Direct Rollover

What Is a Direct Rollover?

A direct rollover is a qualified distribution of eligible assets from a qualified plan, 403(b) plan, or a governmental 457 plan into a traditional IRA, qualified plan, 403(b) plan, or a governmental 457 plan.

A direct rollover can also be a distribution from an IRA to a qualified plan, 403(b) plan or a governmental 457 plan. A direct rollover effectively allows a retirement saver to transfer funds from one retirement account to another without penalty and without creating a taxable event.

Key Takeaways

  • A direct rollover allows a retirement saver to transfer funds from one qualified account (such as a 401(k) plan) directly into another (such as an IRA).
  • The original fund custodian will draft a check or wire transfer made out to the new account custodian, and not to the account holder.
  • The purpose of a rollover is to maintain the tax-deferred status of those assets without creating a taxable event or incurring penalties.
  • To avoid penalties and taxes, the rollover must be effected within 60 days of withdrawing funds from the original account.

How Direct Rollovers Work

A rollover occurs when one withdraws cash or other assets from one eligible retirement plan and contributes all or a portion of this to another eligible plan. The account owner may be subject to a penalty if the transaction is not completed within 60 days. The rollover transaction isn't taxable, unless the rollover is to a Roth IRA, but the IRS requires that account owners report this on their federal tax return.

To engineer a direct rollover, an account holder needs to ask his plan administrator to draft a check and send it directly to the new 401(k) or IRA. In IRA-to-IRA transfers, the trustee from one plan sends the rollover amount to the trustee from the other plan. If an account holder receives a check from his existing IRA or retirement account, they can cash it and deposit the funds into the new IRA. However, they must complete the process within 60 days to avoid income taxes on the withdrawal. If they miss the 60-day deadline, the IRS treats the amount like an early distribution.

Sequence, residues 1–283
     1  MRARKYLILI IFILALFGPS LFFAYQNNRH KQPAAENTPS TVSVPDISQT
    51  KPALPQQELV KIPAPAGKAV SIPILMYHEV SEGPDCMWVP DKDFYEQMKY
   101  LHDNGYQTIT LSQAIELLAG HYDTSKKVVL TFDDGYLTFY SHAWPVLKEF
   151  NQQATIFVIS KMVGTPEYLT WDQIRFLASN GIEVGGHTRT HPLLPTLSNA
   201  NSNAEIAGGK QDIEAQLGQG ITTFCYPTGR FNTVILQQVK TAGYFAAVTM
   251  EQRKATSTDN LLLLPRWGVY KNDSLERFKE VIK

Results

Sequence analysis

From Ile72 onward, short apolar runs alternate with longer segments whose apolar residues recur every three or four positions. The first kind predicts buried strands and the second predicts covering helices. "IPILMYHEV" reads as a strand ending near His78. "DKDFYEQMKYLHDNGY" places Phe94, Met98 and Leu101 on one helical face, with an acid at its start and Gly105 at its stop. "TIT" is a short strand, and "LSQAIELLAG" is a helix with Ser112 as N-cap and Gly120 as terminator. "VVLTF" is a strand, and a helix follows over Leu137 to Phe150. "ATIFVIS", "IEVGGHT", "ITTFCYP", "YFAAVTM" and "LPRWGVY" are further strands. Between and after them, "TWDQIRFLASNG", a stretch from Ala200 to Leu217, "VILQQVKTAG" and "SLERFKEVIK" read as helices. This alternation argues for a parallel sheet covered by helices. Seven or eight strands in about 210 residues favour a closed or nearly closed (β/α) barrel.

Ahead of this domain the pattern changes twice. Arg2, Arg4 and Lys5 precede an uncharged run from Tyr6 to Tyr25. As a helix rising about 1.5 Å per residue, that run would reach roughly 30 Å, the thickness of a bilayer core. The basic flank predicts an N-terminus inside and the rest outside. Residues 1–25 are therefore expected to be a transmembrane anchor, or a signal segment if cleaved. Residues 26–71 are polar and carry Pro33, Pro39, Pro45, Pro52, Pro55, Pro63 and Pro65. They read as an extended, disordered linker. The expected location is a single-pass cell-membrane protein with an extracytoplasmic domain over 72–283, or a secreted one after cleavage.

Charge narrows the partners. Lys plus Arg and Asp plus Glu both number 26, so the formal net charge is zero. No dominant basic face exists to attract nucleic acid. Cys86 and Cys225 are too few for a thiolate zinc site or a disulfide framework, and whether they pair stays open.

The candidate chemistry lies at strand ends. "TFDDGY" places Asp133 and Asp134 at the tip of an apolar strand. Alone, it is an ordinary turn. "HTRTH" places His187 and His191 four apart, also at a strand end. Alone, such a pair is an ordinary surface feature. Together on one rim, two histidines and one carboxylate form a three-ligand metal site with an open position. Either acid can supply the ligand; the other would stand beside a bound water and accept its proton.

How They're Made Payable

Direct rollover assets are made payable to the qualified plan or IRA custodian or trustee and not to the individual. The distribution may be issued as a check made payable to the new account. For example, if an individual decides to switch employers and move her retirement assets built up over time in the first employer’s retirement plan, she must coordinate with the plan administrator, often an asset management firm like Fidelity or Vanguard, to close the account and write a check for the account balance to the new IRA custodian.

Some firms charge fees for this service although they are usually not substantial. On the other end, firms often charge small fees to open new accounts. If an employee is beginning a new job, often this new employer will assume the cost of setting up the new retirement account. Sometimes, the employee will have to wait several years or a vesting period before she may be eligible to open a new retirement account and have her employer begin making contributions.

Direct Rollover and Qualified Retirement Plans

As noted above, direct rollovers apply to qualified retirement plans. These are plans that meet certain criteria, such as non-discrimination among employees, to be eligible for certain tax benefits. These include an employer taking a tax deduction for contributions they make to the plan, employees taking a tax deduction on their own contributions, and earnings on all contributions being tax-deferred until withdrawn.

Defined Benefit vs. Defined Contribution

The two major types of qualified plans are defined benefit plans and defined contribution plans. A defined benefit plan is a more traditional pension plan in which benefits are based on a specific formula, often including the number of years of employee service times a salary factor. Defined contribution plans allocate money to plan participants, based on a percentage of each employee's earnings. The longer the employee participates in the plan, the higher the account balance grows, also based on investment earnings.

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